This is Osvaud. Our first attempt at a dungeon was a total cringeworthy disaster. I remember we were going for high-concept, double-“ironic” situations and social commentary. There’d be a fight against a hill giant, and then in the next room, his family held up signs saying, “Where’s my daddy?” and “Who is the real monster?” Most of it wasn’t even particularly clever with the possible exception of the fully-dressed medusa who’d tell adventurers not to objectify her… before she turned them to stone.
So let’s wrap up last week’s topic: dungeons.
The whole point of a dungeon went soaring over your off-white skull. It isn’t some living art gallery for you to smugly show off how creative you are to the plebian masses. It is a deeply personal collaboration between you and the burglars, where each works hard and sacrifices for the betterment of all.
Getting to smugly show off… is more of a perk, really.
Stick to a core theme. That original dungeon was a mess for a lot of reasons, but a big one was that your message was all over the place. That lead to an ungainly mishmash but also ostracized your audience. Remember, you are as much a performer as the breathers dancing for your amusement. If you’d settled on a single reason they suck, then it wouldn’t have been so bad. You could have had an entire dungeon where the bottom level is the living area for all the (recently) widowed and orphaned orcs. Then built the whole setup around that singular foreshadowed theme. For example, the burglars find a poorly written note in Orcish from little Susie wishing her pop-pop good luck.
Don’t micromanage things. Once you get a good operation established, death traps tend to run themselves. I recommend throwing a simulacrum at each of them for basic administration and maintenance purposes and only teleporting in for the big fun climaxes.
Keep challenges within relatively narrow bands of difficulty, but then have it get incrementally rougher. There is a pretty wide power gap between the newbs and veterans. What eviscerates one team might be yawn-worthy for the next. The best rule of thumb is to operate about six to seven different dungeons at a time, each with three levels. Every isolated locale is a big step up from the previous one, and each level within a discrete dungeon is worse than the last. This actually works surprisingly well… mostly because adventurers instinctively sort themselves for you.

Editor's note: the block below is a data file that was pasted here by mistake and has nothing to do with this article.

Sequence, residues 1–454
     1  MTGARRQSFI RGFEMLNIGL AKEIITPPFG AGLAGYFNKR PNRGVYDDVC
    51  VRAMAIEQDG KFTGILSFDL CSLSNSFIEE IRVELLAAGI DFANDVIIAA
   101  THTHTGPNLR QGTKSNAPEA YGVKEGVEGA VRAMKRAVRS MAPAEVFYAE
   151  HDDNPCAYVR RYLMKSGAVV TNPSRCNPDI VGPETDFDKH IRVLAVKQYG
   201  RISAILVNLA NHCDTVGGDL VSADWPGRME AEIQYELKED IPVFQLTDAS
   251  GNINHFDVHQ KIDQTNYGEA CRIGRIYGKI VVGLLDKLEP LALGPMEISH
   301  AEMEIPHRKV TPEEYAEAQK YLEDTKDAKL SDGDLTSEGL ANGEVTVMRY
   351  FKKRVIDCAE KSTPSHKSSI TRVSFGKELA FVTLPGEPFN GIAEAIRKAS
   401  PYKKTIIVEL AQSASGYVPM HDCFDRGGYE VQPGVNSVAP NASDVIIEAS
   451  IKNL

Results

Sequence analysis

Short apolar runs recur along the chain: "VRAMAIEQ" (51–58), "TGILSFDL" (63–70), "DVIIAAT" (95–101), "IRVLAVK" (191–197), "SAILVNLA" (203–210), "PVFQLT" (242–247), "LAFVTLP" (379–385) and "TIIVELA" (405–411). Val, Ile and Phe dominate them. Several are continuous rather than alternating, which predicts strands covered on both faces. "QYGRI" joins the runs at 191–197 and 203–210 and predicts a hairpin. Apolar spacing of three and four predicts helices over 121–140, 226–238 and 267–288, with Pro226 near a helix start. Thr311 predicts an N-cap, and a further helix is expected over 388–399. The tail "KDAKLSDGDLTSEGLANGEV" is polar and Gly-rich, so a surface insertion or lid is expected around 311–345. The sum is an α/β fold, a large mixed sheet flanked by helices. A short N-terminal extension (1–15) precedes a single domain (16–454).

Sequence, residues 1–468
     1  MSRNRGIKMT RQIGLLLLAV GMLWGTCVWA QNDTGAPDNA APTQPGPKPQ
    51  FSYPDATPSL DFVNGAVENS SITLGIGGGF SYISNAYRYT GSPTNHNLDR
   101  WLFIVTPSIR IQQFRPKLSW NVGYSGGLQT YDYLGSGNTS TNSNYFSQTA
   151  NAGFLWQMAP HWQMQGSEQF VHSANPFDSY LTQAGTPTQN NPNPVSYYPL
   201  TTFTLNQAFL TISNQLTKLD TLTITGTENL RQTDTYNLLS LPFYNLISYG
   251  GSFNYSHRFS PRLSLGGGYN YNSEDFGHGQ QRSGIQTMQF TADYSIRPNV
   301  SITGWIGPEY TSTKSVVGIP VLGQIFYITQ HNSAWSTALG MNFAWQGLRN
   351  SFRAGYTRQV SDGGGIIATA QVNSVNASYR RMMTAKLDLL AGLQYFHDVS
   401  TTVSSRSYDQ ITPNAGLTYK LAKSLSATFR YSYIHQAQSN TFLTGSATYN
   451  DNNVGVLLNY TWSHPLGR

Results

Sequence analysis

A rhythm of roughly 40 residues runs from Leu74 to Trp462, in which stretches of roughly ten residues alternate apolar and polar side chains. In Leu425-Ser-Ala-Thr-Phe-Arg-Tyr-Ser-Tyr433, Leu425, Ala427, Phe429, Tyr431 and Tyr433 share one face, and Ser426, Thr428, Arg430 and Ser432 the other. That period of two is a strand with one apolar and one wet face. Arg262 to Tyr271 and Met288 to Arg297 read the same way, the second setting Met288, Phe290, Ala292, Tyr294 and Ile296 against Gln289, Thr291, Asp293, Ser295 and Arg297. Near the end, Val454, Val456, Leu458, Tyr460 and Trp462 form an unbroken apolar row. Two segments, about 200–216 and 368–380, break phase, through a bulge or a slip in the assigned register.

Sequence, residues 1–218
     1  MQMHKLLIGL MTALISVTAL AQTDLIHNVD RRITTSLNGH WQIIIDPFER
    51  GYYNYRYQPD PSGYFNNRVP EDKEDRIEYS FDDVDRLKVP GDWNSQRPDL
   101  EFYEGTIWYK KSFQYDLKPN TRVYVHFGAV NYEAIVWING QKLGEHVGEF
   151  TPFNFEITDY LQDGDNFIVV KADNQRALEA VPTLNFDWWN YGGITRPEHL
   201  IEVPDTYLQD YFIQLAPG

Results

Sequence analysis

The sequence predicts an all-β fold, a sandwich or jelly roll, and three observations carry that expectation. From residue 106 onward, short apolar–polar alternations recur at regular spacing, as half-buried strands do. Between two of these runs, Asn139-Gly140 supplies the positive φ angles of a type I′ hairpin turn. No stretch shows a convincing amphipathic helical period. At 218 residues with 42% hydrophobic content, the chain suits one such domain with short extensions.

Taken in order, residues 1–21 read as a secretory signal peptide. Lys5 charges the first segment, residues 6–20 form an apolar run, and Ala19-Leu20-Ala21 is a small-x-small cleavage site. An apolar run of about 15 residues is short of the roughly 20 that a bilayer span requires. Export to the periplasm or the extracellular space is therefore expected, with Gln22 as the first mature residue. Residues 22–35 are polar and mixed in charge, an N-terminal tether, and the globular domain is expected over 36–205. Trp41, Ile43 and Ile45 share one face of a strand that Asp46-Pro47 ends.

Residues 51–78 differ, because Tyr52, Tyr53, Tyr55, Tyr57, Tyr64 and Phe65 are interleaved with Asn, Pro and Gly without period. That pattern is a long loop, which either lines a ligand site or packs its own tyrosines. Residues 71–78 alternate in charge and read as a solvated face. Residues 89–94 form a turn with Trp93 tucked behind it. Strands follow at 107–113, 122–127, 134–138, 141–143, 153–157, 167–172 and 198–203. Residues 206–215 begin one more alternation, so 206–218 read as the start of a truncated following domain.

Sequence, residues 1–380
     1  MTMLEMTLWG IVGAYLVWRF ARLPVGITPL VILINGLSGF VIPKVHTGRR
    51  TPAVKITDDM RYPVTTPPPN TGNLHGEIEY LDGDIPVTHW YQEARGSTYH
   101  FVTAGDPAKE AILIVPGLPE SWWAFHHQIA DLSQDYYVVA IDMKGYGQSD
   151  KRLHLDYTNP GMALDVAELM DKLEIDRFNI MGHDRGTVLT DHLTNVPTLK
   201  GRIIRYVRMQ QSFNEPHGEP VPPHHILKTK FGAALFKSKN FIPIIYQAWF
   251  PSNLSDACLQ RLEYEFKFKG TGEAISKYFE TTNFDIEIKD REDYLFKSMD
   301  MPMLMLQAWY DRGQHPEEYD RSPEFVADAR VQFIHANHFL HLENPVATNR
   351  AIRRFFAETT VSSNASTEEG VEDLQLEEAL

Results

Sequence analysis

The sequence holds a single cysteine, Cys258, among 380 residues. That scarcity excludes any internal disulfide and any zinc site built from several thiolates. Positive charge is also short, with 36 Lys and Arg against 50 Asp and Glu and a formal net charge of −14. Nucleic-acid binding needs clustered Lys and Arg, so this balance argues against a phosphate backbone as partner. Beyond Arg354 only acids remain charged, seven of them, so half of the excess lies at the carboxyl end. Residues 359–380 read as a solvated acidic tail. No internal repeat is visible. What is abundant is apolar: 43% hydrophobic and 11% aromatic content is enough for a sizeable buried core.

I’ve got a weird theory explaining that odd fact. I think magic items exert a subtle attractive force like magnets for a compass or birds flying south. So a burglar decked out in a crap-ton of magical gear can zero in on equivalent hoards but ignore cakewalks. I mean, I guess it could also be an impossibly long list of coincidences contriving to keep those hypocritical jerks alive.
If that is how the universe functions, we need to start researching atonement spells.
3 thoughts on “Memoirs of a Lich: Dungeons (Part 2)”
Dear osvaud, i guarantee you that those lovely coincidences are a stereotype of adventuring life. I while still at the feeble beginnings of my career dealt with surviving a sealed in necropolis run by a bunch of aristocratic vampire elitists who’s only existing opposition where equally elitist clerics of the big V the one who lost his hand and eye [cant even say his name thanks to there bloody curses] and a gang of sociopathic zealot paladins.
I just want you to know this is one of my favorite things on the web right now, and I check back as much as possible for new content. I’ve even adapted Osvaud into my campaign in some aspects. Please, keep on writing!